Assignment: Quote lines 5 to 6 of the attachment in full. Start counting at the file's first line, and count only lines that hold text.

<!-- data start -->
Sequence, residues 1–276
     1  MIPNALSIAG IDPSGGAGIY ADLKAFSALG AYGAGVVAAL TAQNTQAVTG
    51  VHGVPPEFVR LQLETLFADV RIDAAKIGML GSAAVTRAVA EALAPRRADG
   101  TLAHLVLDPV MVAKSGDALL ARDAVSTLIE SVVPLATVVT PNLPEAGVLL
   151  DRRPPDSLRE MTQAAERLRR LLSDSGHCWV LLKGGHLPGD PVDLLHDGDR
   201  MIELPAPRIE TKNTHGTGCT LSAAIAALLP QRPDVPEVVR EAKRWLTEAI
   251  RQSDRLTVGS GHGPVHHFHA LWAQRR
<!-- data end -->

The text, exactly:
   151  DRRPPDSLRE MTQAAERLRR LLSDSGHCWV LLKGGHLPGD PVDLLHDGDR
   201  MIELPAPRIE TKNTHGTGCT LSAAIAALLP QRPDVPEVVR EAKRWLTEAI